Do fans really tell the design history of Ford vehicles? An antique fan collector believes they do. The words of wisdom in this article are: check your attic. Some of these antique fans sell for $8,000 and you might have one from Great Aunt Mary laying around your attic or in the garage storage area. Actually in Iowa you might still be using one in your home.
FANS OF FANS
On display: really cool collections
BY FRED MANN
The Wichita Eagle
You ask Loyd Davis about his collection of electric fans and he pulls out a photograph.
That, he says, dropping it on a table full of fans, is an 1893 Edison "Ironclad" fan, one of only two in existence.
A buddy in Connecticut has the other one, he says.
Check out the delicate pinstriping and the tripod base, Davis says.
Friends found it for him at an estate sale in Kansas City about 20 years ago. Electric fans were no big deal to the longtime antiques dealer until then.
"At that point I got to thinking, if I could find something that rare, I ought to seriously think about keeping fans," Davis says.
Today, Davis has hundreds of fans. For security reasons, he keeps them scattered across three counties near his Prairie Village home.
The 1893 fan is so rare Davis wouldn't even bring it to the national electric fan convention under way in Wichita through Saturday.
Collectors from around the world have filled a room at the Hyatt Regency Wichita with more than 1,000 fans, ranging in price up to $8,000 for an interior conduit fan from the late 1890s.
Fans may not do much for you these days, but before central heat and air, people relied on them, and 75 years ago they cost the equivalent of $800 to $900 in today's money.
"You had to save and scrimp to get a fan. They were for the very rich," says Geoff Dunaway, president of the 500-member Antique Fan Collector's Association, which is sponsoring the event.
Now they are collectors' items, artifacts of history that spin to life and start breathing again whenever somebody plugs them in.
Dunaway says he has 3,000 fans stored in a barn behind his home in Harrison, Ark., where he is a family physician.
"My parents say before I could walk I was up on the big circulators at my grandmother's house spinning the blades while the fan wasn't running," he says.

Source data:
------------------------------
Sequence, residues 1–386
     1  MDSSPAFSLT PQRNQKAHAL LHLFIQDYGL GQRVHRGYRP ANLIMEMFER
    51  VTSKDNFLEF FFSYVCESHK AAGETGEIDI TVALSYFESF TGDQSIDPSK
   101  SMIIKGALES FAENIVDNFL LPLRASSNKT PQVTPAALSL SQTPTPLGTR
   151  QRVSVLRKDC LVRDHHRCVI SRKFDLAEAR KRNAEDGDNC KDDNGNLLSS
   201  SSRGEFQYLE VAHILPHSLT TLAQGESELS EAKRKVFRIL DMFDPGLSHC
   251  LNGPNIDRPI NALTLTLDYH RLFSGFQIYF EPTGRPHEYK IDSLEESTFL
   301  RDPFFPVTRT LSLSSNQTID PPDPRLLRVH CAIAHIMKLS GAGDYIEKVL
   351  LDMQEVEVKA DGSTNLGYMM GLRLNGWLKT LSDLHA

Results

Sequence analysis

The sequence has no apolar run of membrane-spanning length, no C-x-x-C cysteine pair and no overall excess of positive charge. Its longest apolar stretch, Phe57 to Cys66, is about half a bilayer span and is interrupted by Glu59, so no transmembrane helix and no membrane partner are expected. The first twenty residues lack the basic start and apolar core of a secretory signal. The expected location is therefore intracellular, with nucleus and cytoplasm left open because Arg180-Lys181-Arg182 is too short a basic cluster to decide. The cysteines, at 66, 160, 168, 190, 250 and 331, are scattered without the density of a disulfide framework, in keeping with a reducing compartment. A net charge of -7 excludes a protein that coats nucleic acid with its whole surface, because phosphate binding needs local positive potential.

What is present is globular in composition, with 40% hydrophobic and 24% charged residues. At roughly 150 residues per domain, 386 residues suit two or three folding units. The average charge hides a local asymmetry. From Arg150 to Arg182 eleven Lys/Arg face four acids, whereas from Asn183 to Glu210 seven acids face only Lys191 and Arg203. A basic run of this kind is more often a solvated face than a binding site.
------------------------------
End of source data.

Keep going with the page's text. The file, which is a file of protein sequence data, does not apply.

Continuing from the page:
Dunaway explains that people collect fans because they are functional, because the quality of workmanship that goes into them no longer exists, because they are made of materials that nobody can afford to use anymore, because their designs are beautiful, and because they trace the history of marketing and design in the U.S.
"If you took a line of Ford cars from 1903 to 1948, you could put fans from the same era alongside and you'd see identical art and design trends," Dunaway says.
The fans filling the tables in the Hyatt are made of brass, chrome, nickel plate, iron, aluminum.
They are powered by electricity, batteries, water, hot air, kerosene, alcohol.
Collectors have given them nicknames that the manufacturers never intended. Names like "lollipop," "feather," "peacock" and "roller coaster" -- names based on the shape of oscillators that turn the fans.
There are a couple of rare coin-operated fans, which were used in hotels. You had to drop a nickel in a slot on the back to get a cool breeze. The nickel helped the hotel pay its electric bill.
Nancy Taussig, AFCA executive director, drove to Wichita from Sarasota, Fla., with her husband, Donald, an antiques dealer. Last year, she became the first woman elected into the Fanman Hall of Fame. She sports a red, white and blue ribbon around her neck with a miniature fan that actually works.
Taussig says the first written proof of an electric fan was about 1882.
"Nobody's found that fan yet," she says.
Check your attic.